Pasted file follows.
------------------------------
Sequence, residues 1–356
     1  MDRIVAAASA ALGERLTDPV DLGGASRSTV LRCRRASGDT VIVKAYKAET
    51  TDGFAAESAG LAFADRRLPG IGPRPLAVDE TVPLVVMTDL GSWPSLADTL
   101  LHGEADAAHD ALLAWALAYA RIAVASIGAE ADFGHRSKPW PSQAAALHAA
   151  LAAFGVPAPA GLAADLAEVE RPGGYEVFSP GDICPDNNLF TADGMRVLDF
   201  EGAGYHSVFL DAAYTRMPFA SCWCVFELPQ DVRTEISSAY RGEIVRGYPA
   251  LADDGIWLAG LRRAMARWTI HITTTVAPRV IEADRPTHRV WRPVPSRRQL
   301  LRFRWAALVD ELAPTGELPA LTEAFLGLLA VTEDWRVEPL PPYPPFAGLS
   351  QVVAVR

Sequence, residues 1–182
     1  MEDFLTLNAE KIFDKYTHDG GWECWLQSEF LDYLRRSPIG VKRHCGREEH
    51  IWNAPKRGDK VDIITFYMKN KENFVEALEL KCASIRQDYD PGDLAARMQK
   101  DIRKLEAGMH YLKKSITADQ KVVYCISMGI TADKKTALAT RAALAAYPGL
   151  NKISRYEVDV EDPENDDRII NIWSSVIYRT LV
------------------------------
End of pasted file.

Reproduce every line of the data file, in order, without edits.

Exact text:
Sequence, residues 1–356
     1  MDRIVAAASA ALGERLTDPV DLGGASRSTV LRCRRASGDT VIVKAYKAET
    51  TDGFAAESAG LAFADRRLPG IGPRPLAVDE TVPLVVMTDL GSWPSLADTL
   101  LHGEADAAHD ALLAWALAYA RIAVASIGAE ADFGHRSKPW PSQAAALHAA
   151  LAAFGVPAPA GLAADLAEVE RPGGYEVFSP GDICPDNNLF TADGMRVLDF
   201  EGAGYHSVFL DAAYTRMPFA SCWCVFELPQ DVRTEISSAY RGEIVRGYPA
   251  LADDGIWLAG LRRAMARWTI HITTTVAPRV IEADRPTHRV WRPVPSRRQL
   301  LRFRWAALVD ELAPTGELPA LTEAFLGLLA VTEDWRVEPL PPYPPFAGLS
   351  QVVAVR

Sequence, residues 1–182
     1  MEDFLTLNAE KIFDKYTHDG GWECWLQSEF LDYLRRSPIG VKRHCGREEH
    51  IWNAPKRGDK VDIITFYMKN KENFVEALEL KCASIRQDYD PGDLAARMQK
   101  DIRKLEAGMH YLKKSITADQ KVVYCISMGI TADKKTALAT RAALAAYPGL
   151  NKISRYEVDV EDPENDDRII NIWSSVIYRT LV